Dayna Sargen, NewsCred’s Brand Marketing Director, said in a recent post “the strongest marketers are those who can recognize greater patterns beyond just age-behavior correlations and can recognize larger patterns across their audience. Truly understanding these behavioral differences will open up a world of opportunity about how to effectively reach your audience.”

To Sargen’s point, the goal is to identify patterns within an audience. It is possible that the patterns include aspects of demographics but are not founded on them. For instance, when analyzing the audience of ‘Justin Bieber’, you can assume that a large majority of the people within that audience are young women. The thing to keep in mind is that not all young women like Justin Bieber AND not all young women who are ‘Beliebers’ share the same interests, there are sub-cultures within this segment.

What Matters Most is Interests, Not Age + Location.

Marketers are overrun with data sources and demands to tie efforts to ROI. It’s easy to rely on accessible data to build target profiles, it’s comfortable to rely on sources that you have always used. It’s also overwhelming to think of the ‘how’ when it comes to understanding interest-based targeting. How do you identify and understand ideal target segments through their interests and identify the overarching patterns to execute upon?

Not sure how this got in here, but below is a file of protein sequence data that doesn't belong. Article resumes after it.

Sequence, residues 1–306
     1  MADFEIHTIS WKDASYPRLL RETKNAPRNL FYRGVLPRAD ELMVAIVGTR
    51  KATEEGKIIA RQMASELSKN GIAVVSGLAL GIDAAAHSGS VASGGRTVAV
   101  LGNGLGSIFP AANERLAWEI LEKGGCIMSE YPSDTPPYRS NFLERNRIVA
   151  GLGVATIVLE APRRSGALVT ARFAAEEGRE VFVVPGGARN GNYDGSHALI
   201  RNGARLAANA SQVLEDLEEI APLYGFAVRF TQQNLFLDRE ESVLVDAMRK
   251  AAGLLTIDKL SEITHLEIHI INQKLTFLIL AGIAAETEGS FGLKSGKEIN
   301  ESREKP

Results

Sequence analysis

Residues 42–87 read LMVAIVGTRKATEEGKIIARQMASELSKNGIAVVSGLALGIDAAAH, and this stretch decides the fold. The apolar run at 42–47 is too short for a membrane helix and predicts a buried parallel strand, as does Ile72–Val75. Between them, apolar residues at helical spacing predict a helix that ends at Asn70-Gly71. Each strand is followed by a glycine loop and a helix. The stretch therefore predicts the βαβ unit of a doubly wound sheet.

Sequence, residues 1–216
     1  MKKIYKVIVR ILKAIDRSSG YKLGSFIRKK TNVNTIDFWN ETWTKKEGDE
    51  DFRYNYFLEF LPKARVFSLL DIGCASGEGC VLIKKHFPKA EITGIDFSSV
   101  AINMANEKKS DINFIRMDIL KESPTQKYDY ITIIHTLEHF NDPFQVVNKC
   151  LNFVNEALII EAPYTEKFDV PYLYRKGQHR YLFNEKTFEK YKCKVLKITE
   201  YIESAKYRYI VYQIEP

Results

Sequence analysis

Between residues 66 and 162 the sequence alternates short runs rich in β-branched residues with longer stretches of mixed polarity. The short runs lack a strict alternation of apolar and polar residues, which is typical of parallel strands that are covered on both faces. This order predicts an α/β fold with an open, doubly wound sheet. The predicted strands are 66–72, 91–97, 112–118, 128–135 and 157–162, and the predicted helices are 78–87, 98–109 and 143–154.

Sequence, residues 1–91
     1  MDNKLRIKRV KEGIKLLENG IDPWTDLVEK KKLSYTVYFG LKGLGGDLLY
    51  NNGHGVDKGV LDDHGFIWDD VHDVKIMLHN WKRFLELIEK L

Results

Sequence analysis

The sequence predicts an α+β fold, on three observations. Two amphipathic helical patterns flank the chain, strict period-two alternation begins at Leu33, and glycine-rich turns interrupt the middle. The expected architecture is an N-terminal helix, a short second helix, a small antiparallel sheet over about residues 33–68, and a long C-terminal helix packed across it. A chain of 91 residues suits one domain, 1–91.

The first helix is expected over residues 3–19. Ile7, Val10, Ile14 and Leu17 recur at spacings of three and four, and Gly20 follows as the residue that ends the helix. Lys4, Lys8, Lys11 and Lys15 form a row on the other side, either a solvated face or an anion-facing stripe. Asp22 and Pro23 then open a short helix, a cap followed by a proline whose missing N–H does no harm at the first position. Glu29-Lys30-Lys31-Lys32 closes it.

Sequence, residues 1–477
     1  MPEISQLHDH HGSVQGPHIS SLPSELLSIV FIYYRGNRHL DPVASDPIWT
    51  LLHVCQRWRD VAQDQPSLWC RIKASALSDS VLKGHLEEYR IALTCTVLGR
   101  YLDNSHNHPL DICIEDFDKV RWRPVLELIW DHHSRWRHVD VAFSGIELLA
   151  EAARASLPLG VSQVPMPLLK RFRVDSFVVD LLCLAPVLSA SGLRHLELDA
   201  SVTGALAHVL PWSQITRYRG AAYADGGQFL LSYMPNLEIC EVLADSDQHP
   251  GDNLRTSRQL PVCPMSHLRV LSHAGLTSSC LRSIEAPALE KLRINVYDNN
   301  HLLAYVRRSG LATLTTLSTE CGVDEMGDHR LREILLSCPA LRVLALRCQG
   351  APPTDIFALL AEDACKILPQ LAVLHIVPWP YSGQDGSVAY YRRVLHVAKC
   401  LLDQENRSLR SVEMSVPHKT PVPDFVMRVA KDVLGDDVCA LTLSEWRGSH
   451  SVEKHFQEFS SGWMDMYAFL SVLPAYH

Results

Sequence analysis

At Affinio, we take a different approach to understanding audiences. We are the first platform to pull advanced audience insights from the interest graph as opposed to the mention graph. By segmenting an audience based on interests (what they choose to follow) and the content they engage with, we are able to understand the cultural fingerprint of the interest-based communities within an audience.

“Unbreakable Kimmy Schmidt” is a Netflix Original Series. It is a Comedy with a broadway appeal. Using Affinio to analyze their audience, we are able to identify the overarching patterns. As you can see below, the interest-based clusters range from ‘Broadway Musical Fans’ and ‘Comedy + Drag’ to ‘Gamers’ and ‘Sports Fan’.

Affinoi_Netflix_KimmySchmidt.png

As marketers, we need to do a better job leveraging the data that is available to use today. The end game is reaching our ideal consumers and building meaningful connections. Cutting through the noise has never been more challenging. We need to drop the traditional methods that we’ve been forcing into a digital world. We need to arm ourselves with the right audience insight nuggets to better reach, engage, and build relationships with our ideal consumer.